Why was the speed that much? Was it because it had to counteract some of the current that was coming at it?

Or was that normal speed for a ship that was outward bound in a channel with hopefully very little traffic.

IMAGE: A view of the Dali. Photograph: Nathan Howard/Reuters

Your first reaction?

It was shock. I have driven over that bridge quite often by car. Then a lot of my thoughts were going out to the captain and chief engineer.

When you are underway in local waters, you have pilots on board -- one pilot or two. The pilot is supposed to be the local knowledge and take you through everything. But what should be noted, they are there to only offer advice.

What is logged in the logbook is that the ship is on master's orders and pilot's advice. The master is finally responsible for anything that happens to the ship.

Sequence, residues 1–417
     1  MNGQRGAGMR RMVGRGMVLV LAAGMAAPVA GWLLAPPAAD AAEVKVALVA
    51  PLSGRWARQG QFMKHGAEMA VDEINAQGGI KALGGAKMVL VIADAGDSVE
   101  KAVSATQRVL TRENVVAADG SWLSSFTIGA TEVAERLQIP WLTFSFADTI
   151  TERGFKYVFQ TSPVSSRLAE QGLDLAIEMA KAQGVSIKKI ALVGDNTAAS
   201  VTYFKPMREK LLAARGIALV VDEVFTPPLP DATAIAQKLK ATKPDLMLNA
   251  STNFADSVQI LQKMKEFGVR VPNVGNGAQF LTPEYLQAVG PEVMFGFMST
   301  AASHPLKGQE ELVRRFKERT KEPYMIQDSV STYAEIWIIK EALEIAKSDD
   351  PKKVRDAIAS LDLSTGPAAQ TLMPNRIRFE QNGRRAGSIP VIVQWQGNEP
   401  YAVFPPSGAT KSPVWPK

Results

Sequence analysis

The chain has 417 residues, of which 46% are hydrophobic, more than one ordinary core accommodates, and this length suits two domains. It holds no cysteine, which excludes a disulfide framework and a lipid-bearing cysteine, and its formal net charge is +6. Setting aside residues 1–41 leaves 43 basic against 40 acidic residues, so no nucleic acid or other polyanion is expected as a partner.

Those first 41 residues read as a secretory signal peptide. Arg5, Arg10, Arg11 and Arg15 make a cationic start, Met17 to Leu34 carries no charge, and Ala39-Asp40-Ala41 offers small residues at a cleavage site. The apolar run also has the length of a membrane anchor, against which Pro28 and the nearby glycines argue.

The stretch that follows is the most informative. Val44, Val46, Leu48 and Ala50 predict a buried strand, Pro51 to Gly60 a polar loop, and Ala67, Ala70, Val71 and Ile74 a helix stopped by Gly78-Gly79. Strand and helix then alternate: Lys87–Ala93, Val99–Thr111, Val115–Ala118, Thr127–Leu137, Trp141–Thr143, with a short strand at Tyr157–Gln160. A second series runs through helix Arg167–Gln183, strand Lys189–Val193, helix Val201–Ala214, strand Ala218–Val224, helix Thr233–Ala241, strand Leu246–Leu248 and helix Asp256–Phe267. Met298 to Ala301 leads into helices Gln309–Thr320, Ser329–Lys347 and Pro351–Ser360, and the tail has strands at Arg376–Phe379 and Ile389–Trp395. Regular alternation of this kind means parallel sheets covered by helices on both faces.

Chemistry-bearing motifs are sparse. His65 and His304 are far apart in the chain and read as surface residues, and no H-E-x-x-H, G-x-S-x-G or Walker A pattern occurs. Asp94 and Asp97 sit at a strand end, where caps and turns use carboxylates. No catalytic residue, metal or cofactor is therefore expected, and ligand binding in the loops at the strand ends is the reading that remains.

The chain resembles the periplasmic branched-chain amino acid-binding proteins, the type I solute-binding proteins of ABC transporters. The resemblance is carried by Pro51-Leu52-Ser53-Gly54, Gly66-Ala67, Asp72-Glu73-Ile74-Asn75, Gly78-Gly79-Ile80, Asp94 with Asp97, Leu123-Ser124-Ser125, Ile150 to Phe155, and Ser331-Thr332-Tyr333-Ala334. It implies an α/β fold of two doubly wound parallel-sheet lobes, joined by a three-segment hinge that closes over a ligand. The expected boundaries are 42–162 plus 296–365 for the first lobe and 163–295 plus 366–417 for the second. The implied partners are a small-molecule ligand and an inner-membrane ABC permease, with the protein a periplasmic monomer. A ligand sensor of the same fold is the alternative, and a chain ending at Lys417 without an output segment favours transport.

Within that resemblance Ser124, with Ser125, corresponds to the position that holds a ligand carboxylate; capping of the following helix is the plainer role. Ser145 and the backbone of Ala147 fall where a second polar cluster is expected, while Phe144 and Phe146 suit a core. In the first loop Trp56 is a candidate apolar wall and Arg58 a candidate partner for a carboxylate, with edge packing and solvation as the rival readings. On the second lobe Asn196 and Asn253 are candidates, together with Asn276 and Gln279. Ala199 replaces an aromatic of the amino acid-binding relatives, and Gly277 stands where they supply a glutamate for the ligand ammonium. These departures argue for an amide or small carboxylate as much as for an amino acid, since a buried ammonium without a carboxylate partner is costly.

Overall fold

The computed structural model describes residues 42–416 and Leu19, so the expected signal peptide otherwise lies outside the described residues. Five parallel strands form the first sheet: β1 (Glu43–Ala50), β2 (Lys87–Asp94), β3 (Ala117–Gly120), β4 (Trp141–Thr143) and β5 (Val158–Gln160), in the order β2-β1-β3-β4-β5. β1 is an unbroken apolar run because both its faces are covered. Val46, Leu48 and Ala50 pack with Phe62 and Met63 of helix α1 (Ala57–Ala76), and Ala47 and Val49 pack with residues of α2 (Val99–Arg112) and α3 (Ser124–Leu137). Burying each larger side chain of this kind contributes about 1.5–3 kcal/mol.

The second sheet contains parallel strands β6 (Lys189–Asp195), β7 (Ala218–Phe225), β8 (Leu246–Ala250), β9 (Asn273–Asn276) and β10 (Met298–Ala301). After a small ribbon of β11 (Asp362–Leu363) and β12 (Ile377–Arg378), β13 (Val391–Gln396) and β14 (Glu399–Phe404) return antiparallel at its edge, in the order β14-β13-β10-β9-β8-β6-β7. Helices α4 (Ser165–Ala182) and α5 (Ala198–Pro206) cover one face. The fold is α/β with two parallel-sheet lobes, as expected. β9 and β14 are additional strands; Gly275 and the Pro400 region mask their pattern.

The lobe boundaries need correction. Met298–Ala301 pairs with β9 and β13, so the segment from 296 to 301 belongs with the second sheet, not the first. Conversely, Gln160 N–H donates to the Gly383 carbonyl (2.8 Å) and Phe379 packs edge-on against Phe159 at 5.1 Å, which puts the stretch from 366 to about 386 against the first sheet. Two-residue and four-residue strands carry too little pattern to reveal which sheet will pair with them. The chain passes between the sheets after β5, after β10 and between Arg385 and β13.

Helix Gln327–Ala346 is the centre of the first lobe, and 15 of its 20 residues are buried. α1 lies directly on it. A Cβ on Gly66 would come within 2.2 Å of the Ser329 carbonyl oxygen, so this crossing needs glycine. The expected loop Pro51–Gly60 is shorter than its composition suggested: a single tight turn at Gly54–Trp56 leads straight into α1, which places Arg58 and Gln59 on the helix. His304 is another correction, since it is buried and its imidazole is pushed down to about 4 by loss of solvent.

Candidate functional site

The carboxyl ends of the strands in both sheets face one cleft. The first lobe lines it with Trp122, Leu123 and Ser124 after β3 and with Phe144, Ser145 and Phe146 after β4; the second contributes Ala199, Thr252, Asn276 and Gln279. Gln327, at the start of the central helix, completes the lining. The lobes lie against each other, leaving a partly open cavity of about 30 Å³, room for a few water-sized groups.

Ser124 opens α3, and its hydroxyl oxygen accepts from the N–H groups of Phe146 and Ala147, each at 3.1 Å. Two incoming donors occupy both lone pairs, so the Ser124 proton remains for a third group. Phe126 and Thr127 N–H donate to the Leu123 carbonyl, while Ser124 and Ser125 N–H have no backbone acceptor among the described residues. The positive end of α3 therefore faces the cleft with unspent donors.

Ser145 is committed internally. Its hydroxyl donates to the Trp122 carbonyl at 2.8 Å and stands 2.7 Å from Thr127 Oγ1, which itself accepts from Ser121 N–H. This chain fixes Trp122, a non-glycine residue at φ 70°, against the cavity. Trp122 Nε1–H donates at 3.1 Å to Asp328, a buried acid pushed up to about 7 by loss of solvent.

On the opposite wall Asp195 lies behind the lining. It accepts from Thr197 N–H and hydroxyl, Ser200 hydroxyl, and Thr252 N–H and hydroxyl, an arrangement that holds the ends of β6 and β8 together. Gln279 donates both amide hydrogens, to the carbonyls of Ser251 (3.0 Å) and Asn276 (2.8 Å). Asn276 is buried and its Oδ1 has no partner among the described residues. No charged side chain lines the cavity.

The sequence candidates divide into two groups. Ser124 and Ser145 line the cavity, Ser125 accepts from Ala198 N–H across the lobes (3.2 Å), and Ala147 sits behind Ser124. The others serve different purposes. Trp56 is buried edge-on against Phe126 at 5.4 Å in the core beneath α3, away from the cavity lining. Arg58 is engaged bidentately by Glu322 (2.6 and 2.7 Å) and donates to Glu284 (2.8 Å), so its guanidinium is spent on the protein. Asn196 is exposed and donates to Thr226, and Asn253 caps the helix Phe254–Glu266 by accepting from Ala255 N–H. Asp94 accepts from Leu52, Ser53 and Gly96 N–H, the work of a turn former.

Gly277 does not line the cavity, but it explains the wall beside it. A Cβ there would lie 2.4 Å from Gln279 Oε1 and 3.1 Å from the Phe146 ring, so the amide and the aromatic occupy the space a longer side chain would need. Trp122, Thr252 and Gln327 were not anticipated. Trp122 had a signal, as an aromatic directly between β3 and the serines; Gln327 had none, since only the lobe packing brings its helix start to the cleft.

IMAGE: National Transportation Safety Board investigators aboard the Dali. Photograph: Peter Knudson/NTSB/Handout/Reuters

You immediately felt for the master?

Oh, absolutely. But my first thought, being a master myself, or an ex-master/retired master, always goes to the master because there are a lot of things in close quarters that you have no control of. You are at the mercy of the winds and the elements.

Initially my thoughts were for the master, and as the story developed, there was a chief engineer involved as well, for him too.

I don't know how the situation is in the United States, but they may be behind bars for a little while until things are sorted out or they may be under house arrest and not allowed to move without security.

And I don't know how much the various companies themselves (owners, charterers and management) will actually support the captain and the chief engineer, because now all the inspections and liabilities etc will come into play and everyone will have to fend for themselves. We have to see what happens.